Irish Department of Communications. CIEMAT. Rostock University. BTG Biomass Technology Group. Energy Institute Hrvoje Pozar (EIHP). Istanbul Teknik Universitesi.und Brennstoffzellen. Musashi Institute of Technology. Alstom Gas Turbines. Ballard Power Systems. Ministère Délégué à la Recherche (France). Rocha Teixeira STCP. Czech Energy Agency. American Electric Power. European Biomass Industry Association (EUBIA). Energieonderzoek Centrum Nederland (ECN). Massachusetts Institute of Technology (MIT). Trade and Industry (METI). Isofoton. ENEL Spa. Cambridge University. EGE University. Deutscher Wasserstoff. Japan Automobile Research Institute. Malta Energy Efficiency and Renewable Energies Association (MEEREA). National Resources Canada. Weaknesses. Jadoo Power Systems. Energy Saving Trust. Académie des Technologies (France). Those people belong to the following various organisations. Centre National de la Recherche Scientifique (CNRS). Danish Technological Institute. Hydrogen Components. Eurelectric. and neither are opinions of nor reflect the views of the following organisations.Verband (DWV). ADEME. KEMA. American Solar Energy Society (ASES). Argonne National Laboratory. Cyprus Institute of Energy. NaturPur Energie AG. Energy Restructuring Agency. Norsk Hydro. Agency for Natural Resources and Energy (ANRE). Idatech. Elcogen. London Borough of Tower Hamlets.Strengths. INIG Oil and Gas Institute. 133 . the opinions and other statements expressed in this report are those of the writers alone. Association Française de l’Hydrogène (AFH2). Eötvös University. Ljubljana University. Environment Canada. However. CIDAUT. Center for Renewable Energy Sources (CRES). Marine and National Resources (DCMNR). Risø National Laboratory. General Bioenergy. Ente per le Nuove Tecnologie l Energia e l Ambiente (ENEA). NOVEM. European Photovoltaic Industry Association (EPIA). European Fuel Cell Forum (EFCF). Opportunities and Threats in Energy Research Acknowledgments We would like to thank all the experts who accessed the online survey and/or participated in the interviews. Renewable Energy in Poland. Bios Bioenergiesysteme. Ecogen. Aston University. ETA Renewable Energies. International Energy Agency (IEA). Estonian Ministry of the Environment. Forschungszentrum Karlsruhe. Islandic New Energy. BMW. MTU Friedrichshafen. BP Group Technologies. New Energy and Industrial Technology Development Organization (NEDO). Russian Academy of Science. Alstom Power. Eyssen Consulting. Armines. Nilu Polska. Babcock & Wilcox Vølund. Lithuanian Energy Institute. Endesa. Research Council of Norway. Academy of Sciences of Czech Republic. European Commission. Japan Ministry of the Environment (MoE). Chalmers University of Technology. Institut Jozef Stefan. Enova SF. Institut Français du Pétrole (IFP). ESD Bulgaria. Advanced Institute of Science and Technology (AIST). General Atomics. FZJ Jülich. Antares Energy. National Renewable Energy Laboratory (NREL). Dutch Gas Turbine Association. NET Nowak Energy and Technology Ltd. Iberdrola. Open University. Japan Ministry of Economy. Clean Vehicles in Stockholm. RWTH Aachen. Ersol. Eetek Hungary.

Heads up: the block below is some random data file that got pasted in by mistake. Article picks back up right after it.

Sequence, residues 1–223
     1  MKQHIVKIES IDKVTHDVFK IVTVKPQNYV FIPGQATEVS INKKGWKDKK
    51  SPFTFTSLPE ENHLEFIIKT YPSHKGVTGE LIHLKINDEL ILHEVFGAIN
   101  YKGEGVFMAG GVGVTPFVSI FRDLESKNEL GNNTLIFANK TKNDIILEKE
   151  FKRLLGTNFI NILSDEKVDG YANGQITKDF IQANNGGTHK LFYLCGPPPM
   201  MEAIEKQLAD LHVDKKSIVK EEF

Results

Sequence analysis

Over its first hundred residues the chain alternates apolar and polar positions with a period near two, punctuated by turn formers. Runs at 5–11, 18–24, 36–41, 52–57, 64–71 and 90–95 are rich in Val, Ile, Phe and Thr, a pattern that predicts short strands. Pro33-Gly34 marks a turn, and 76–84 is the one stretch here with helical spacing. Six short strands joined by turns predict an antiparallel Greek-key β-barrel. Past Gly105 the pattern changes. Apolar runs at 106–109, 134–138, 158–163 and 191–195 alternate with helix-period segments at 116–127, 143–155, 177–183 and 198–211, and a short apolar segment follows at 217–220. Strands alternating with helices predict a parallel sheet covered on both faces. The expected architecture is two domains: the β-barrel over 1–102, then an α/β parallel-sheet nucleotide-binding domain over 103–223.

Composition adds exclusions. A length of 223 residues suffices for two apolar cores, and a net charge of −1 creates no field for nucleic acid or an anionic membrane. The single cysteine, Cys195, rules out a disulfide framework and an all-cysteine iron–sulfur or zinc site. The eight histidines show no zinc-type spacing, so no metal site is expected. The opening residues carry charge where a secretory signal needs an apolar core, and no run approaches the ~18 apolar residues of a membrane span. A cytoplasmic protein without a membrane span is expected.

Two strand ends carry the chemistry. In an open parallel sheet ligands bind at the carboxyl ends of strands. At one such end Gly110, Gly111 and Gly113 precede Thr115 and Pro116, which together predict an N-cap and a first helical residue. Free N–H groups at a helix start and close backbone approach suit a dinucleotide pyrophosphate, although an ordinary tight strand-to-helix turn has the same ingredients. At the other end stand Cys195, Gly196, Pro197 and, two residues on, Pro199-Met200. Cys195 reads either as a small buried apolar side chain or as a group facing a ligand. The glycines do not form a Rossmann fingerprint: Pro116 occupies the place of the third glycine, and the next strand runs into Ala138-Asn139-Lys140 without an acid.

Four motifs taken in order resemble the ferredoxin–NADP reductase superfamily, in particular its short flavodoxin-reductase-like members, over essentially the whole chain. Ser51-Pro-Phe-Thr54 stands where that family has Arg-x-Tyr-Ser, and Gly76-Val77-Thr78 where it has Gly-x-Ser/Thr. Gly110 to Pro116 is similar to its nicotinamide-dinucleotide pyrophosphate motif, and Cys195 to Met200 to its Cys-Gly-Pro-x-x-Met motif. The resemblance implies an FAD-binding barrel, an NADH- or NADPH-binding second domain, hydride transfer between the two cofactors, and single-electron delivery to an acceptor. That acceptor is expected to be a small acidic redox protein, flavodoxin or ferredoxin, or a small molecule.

University of Connecticut. Technology Centre ASCR.National Technology Agency of Finland. WesStart-CalStart. Texas University – Gulf Coast Carbon Center. TU Delft. UK Ministry of Defence. Sustainable Energy Ireland (SEI). Toyota Technological Institute. Sotacarbo Spa. Swedish Bioenergy Association (SVEBIO). 134 . Toshiba International Fuel Cells. Total Professeurs Associés. Statoil. Technical University of Denmark. TEKES . SINTEF. Swedish Energy Agency (STEM). Slovenian Ministry of the Environment. University of Pennsylvania. Sulzer Hexis. Turbec. Technische Universität Graz. University of Technology of Vienna. Siemens Westinghouse Power. Solar Energy. US Department of Energy (US DOE). Wärtsilä. Techwise. Verbund. Tubitak. Unaxis Solar. ZAE Bayern. Shell Hydrogen.SafeHydrogen LLC. Vattenfall. University of Ulster. University of Reading. WIP-Munich. University of California. UK Hydrogen Energy Network.